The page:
***Sources: MSCI; Standard & Poor's. Based on total returns of MSCI EAFE & MSCI Japan Index in U.S. dollars.
Global investing: International, regional and country funds
Many financial professionals recommend that suitable long-term investors allocate 20% to 25% of an equity portfolio to international stocks. One way you can include "international" exposure in your portfolio is to invest in stocks of U.S. companies that derive a large portion of their annual revenue from overseas markets.
You can also buy stocks of foreign companies through American Depositary Receipts (ADRs) -- traded on the New York Stock Exchange -- and through mutual funds that invest in foreign companies. ADRs are negotiable certificates that represent the shares of a publicly traded foreign company. ADRs are issued in the U.S. and their underlying shares are held in U.S. banks.
But familiarizing yourself with international markets (including the regulatory, political, and economic environments) is time consuming, and access to company information can be difficult to obtain. An easier way to invest internationally is to consider buying shares of broadly diversified international mutual funds, which invest exclusively overseas, or global funds, which may buy a mix of foreign and U.S. stocks. These types of funds offer instant diversification through an array of foreign market stocks.
For more experienced and more aggressive investors wishing to target stocks in particular regions or countries, regional or country funds are also available. These funds are designed to take advantage of specific opportunities in the world's developed and emerging markets, but they do carry an increased risk of volatility.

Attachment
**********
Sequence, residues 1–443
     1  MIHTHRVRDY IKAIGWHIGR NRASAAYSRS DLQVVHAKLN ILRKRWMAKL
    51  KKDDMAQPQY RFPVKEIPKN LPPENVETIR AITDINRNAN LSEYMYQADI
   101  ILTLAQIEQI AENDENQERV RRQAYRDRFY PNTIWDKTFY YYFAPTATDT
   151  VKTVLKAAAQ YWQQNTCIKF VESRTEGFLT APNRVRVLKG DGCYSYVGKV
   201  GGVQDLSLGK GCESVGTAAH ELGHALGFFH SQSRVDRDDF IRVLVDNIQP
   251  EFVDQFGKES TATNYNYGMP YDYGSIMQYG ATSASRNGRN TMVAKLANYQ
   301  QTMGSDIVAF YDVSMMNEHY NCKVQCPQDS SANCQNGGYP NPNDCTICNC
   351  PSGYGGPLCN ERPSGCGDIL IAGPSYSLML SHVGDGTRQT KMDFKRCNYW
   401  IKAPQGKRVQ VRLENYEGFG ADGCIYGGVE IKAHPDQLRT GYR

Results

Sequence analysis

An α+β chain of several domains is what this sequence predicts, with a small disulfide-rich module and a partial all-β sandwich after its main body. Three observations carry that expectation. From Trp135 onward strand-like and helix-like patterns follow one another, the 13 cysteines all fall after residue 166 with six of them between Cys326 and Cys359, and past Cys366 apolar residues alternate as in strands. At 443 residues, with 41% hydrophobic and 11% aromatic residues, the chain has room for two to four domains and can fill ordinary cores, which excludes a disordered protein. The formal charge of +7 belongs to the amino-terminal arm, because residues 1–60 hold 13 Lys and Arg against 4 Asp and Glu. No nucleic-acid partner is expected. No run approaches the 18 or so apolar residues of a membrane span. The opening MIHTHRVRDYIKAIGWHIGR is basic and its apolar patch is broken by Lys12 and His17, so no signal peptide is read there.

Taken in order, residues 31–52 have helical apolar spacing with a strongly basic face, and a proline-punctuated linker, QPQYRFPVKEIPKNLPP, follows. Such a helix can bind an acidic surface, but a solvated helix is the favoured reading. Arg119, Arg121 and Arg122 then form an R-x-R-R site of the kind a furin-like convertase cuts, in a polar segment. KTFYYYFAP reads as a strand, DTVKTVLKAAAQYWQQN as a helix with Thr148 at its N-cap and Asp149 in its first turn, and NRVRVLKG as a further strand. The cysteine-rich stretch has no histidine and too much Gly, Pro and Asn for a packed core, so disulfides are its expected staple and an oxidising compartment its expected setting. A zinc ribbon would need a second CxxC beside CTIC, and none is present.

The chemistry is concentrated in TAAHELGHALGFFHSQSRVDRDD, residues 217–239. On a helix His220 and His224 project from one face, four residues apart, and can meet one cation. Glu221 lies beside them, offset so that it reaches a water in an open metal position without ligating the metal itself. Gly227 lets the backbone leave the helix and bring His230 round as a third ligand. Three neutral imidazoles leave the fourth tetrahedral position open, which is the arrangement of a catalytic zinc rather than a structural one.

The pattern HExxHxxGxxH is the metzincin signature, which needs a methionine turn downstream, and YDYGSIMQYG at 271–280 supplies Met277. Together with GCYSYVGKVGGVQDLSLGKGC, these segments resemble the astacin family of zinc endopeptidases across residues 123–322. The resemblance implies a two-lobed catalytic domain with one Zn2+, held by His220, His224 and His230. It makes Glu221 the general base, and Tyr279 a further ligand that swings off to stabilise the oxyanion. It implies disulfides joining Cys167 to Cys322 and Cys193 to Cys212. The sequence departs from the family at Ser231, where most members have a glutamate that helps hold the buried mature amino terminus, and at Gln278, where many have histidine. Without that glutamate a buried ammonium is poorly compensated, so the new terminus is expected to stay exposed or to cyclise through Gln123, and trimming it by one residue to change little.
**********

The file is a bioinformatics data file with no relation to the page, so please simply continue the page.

This chart compares calendar-year returns on the S&P 500 and the EAFE from 1986 through 2015.
Domestic vs. foreign relative stock performance
|This second chart shows when foreign markets (EAFE) outperformed or underperformed domestic markets (S&P 500).
Source: ChartSource®, DST Systems, Inc. Based on 36-month rolling periods from the period ended January 31, 1986, through the period ended December 31, 2015. U.S. stocks represented by the S&P 500 index. Foreign stocks represented by the MSCI EAFE index. It is not possible to invest directly in an index. Past performance is not a guarantee of future results. Copyright © 2016, DST Systems, Inc. All rights reserved. Not responsible for any errors or omissions. (CS000173)
International investing: A new set of risks
International investing presents unique risks and considerations. A U.S. investor's foreign-investment return depends on both the local currency's exchange value against the U.S. dollar and the stock price in the local currency.
In the past, currency fluctuations have tended to balance out over extended periods of time, although there are no guarantees this will always be the case. A long-term perspective and diversifying international investments can help manage expectations and risks.
© 2016 DST Systems, Inc. Reproduction in whole or in part prohibited, except by permission. All rights reserved. Not responsible for any errors or omissions. Reproduction in whole or in part is prohibited without the express permission of DST Systems, Inc.
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GE 65979 (06/2015)